Let’s take a look back at May.
For the second straight month, May saw equity (stock) markets around the world continue to rise.
· Domestically, the 3 major indices rose on an average of 5.44% for the month, with the technology-laden Nasdaq composite leading the way with a 6.89% gain.
· Internationally, the developed markets rose a solid 4.35%, while the emerging markets rose slightly by 0.79% (both measured by their corresponding MSCI index.)
· From a fundamental perspective, we continue to see a disconnect between what is happening in the markets and present economic conditions. Yet from a technical perspective, we saw two of our indices (S&P 500 and Nasdaq) cross back over their 200-day moving average, which is typically an optimistic signal.
Fixed-income (bond) markets participated in the May rally as well, with high yield bonds providing the most growth at 4.41%. The bond market continues to be propped up by low interest rates and a supportive Federal Reserve.
As we mentioned above, we have observed a disconnect between the equity market valuations and the current state of our economy. Part of the reason for the disconnect is the appearance that the worst of the economic damage is probably behind us. Equity markets are already looking ahead to what appears to be a robust end to the year. In May, we saw an unexpected decline in unemployment claims, a large jolt in hiring (though it is more likely from “re-hiring”) and a modest increase in consumer confidence. Consumer consumption was what carried our economy prior to the global shutdown and will likely be key to getting things back on track as we begin to re-open the economy. We are already seeing glimpses of this in states where the restrictions are being lifted.
We wouldn’t be able to get through a recap of May without touching briefly on what started this whole “deep freeze” to begin with: the spread of the coronavirus. The news is good - we continue to see a slowing in the spread of the virus. We have significantly increased our testing capabilities, and most notably, did not see significant spikes towards the month-end as several states began their reopening process. This has led to high hopes that a second wave may be diminished, or possibly avoidable altogether.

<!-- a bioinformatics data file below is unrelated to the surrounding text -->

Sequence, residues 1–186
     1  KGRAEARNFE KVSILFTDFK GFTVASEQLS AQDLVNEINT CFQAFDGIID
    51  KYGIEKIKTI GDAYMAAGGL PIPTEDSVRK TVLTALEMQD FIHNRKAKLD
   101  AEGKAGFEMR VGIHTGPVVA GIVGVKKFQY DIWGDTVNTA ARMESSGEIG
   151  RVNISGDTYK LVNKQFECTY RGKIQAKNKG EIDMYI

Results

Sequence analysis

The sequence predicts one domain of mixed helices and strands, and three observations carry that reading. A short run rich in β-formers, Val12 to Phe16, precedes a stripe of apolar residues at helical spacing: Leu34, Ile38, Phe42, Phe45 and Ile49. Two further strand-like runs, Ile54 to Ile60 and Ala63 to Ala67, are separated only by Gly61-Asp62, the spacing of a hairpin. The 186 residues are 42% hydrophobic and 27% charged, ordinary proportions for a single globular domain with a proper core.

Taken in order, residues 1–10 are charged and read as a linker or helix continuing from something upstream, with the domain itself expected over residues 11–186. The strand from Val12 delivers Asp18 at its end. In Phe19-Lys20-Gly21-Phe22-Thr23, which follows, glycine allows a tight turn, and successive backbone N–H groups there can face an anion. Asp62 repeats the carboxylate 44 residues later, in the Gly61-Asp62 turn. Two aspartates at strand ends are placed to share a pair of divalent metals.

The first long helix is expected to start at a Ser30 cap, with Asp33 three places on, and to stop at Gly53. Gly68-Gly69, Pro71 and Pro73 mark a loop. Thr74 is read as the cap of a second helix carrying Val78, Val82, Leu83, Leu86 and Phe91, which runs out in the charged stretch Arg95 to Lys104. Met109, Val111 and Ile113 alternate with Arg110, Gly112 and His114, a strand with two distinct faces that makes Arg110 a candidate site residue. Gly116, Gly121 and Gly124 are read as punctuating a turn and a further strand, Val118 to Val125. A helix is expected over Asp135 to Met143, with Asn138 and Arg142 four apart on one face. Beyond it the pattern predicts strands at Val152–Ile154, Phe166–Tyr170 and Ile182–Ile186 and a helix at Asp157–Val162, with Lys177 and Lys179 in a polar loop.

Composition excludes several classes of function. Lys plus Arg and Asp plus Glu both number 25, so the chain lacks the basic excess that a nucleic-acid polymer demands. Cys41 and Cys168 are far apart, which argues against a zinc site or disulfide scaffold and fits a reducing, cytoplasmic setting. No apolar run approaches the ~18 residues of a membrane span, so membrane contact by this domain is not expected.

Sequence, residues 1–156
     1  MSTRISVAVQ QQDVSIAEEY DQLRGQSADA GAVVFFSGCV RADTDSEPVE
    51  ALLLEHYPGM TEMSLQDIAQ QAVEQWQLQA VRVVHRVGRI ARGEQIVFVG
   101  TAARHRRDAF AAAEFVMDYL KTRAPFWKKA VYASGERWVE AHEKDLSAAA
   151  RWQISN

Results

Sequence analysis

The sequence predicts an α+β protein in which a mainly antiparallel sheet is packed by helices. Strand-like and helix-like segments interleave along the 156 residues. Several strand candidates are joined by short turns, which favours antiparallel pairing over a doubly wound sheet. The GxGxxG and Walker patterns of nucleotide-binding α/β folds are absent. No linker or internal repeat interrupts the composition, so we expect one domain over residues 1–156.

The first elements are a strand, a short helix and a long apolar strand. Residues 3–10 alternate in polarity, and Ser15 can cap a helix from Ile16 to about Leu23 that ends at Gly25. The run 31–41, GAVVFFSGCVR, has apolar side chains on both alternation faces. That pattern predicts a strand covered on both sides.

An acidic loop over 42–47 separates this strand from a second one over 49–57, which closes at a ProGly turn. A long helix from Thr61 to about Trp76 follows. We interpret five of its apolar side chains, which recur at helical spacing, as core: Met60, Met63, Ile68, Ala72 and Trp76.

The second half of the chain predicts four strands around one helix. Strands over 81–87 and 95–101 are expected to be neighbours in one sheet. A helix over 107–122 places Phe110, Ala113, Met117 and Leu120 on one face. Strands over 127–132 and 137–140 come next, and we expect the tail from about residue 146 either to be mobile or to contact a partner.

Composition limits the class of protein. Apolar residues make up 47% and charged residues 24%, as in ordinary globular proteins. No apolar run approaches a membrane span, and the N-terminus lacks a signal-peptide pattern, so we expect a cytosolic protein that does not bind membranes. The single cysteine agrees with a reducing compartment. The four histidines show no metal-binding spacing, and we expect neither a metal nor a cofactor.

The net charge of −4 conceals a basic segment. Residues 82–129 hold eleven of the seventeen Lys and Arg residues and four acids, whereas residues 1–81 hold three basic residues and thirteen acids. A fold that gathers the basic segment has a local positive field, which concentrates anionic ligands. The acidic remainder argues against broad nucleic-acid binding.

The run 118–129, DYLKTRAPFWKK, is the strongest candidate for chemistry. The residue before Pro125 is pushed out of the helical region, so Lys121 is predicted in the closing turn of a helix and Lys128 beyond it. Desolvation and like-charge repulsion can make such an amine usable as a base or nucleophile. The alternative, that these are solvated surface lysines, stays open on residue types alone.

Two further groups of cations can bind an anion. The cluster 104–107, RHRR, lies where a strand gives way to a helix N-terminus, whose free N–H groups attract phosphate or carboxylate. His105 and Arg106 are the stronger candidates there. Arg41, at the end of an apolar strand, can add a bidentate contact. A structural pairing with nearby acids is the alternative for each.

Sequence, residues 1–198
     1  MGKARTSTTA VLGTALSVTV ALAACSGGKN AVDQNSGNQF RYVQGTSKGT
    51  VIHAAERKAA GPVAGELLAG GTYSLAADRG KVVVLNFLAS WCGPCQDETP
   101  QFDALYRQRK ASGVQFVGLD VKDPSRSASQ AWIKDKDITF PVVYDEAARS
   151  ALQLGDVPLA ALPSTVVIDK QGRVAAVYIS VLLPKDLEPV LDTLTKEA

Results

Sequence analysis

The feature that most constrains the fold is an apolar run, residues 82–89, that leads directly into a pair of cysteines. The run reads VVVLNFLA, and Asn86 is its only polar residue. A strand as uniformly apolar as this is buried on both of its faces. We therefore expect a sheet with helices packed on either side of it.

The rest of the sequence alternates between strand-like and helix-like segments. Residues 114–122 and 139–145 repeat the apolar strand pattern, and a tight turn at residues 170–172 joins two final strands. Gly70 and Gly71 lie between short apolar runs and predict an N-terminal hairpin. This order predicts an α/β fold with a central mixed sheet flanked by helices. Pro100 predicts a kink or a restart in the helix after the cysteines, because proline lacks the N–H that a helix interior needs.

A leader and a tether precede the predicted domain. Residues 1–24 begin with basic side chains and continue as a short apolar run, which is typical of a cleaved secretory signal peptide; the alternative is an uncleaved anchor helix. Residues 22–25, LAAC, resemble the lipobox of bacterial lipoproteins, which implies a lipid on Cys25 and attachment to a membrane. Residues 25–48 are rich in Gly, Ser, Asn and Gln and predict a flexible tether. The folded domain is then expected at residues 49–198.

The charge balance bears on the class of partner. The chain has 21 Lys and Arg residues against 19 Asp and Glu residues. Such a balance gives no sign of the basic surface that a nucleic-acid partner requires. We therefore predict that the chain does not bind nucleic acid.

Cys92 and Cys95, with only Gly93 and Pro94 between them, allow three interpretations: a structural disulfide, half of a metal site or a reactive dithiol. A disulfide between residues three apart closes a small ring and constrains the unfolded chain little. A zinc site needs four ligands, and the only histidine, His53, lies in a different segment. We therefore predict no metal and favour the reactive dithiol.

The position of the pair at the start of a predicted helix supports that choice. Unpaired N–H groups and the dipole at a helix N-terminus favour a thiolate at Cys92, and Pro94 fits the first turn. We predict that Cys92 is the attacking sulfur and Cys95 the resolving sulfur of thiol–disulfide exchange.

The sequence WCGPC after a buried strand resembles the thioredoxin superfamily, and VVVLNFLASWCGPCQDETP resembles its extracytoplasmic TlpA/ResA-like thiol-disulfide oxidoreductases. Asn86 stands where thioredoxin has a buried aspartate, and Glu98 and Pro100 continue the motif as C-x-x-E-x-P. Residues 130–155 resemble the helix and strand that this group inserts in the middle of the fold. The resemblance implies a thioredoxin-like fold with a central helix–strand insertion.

So what lies ahead?
While we did not see a surge at month end, the summer months bring more fellowship and socialization, so there is still a potential for a second wave and another shelter-in-place order. The end of the month was also mired with rising social unrest and escalating trade tensions between the US and China, both of which could lead to volatility ahead. Investors currently appear to be pricing in a best-case-scenario in our recovery efforts as we head into the summer (which is typically a quieter time in the markets), so any hiccup in those efforts could rattle the markets and we could see an increase in volatility as well. As there are still more unknown catalysts then known right now, maintaining a well-diversified portfolio continues to be the best route. When markets see a lot of momentum in one direction or the other investors often have FOMO (fear of missing out.) This is not the time to abandon your path forward, as your portfolio is designed to accomplish your goals and timelines. Please reach out to us if concerns still remain.
Ryan Flanders, CFA